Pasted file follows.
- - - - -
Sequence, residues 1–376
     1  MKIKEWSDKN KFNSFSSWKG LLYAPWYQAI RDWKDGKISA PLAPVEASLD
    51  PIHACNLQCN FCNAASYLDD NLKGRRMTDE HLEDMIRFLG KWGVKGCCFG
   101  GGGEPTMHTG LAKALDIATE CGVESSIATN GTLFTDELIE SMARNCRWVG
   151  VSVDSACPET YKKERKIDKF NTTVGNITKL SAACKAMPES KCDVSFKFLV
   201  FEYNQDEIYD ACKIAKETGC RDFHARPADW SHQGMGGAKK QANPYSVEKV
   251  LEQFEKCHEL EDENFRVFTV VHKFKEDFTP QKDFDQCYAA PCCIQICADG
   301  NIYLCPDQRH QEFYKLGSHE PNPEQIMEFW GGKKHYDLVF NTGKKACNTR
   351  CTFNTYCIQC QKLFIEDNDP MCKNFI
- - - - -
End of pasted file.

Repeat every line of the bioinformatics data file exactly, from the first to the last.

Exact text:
Sequence, residues 1–376
     1  MKIKEWSDKN KFNSFSSWKG LLYAPWYQAI RDWKDGKISA PLAPVEASLD
    51  PIHACNLQCN FCNAASYLDD NLKGRRMTDE HLEDMIRFLG KWGVKGCCFG
   101  GGGEPTMHTG LAKALDIATE CGVESSIATN GTLFTDELIE SMARNCRWVG
   151  VSVDSACPET YKKERKIDKF NTTVGNITKL SAACKAMPES KCDVSFKFLV
   201  FEYNQDEIYD ACKIAKETGC RDFHARPADW SHQGMGGAKK QANPYSVEKV
   251  LEQFEKCHEL EDENFRVFTV VHKFKEDFTP QKDFDQCYAA PCCIQICADG
   301  NIYLCPDQRH QEFYKLGSHE PNPEQIMEFW GGKKHYDLVF NTGKKACNTR
   351  CTFNTYCIQC QKLFIEDNDP MCKNFI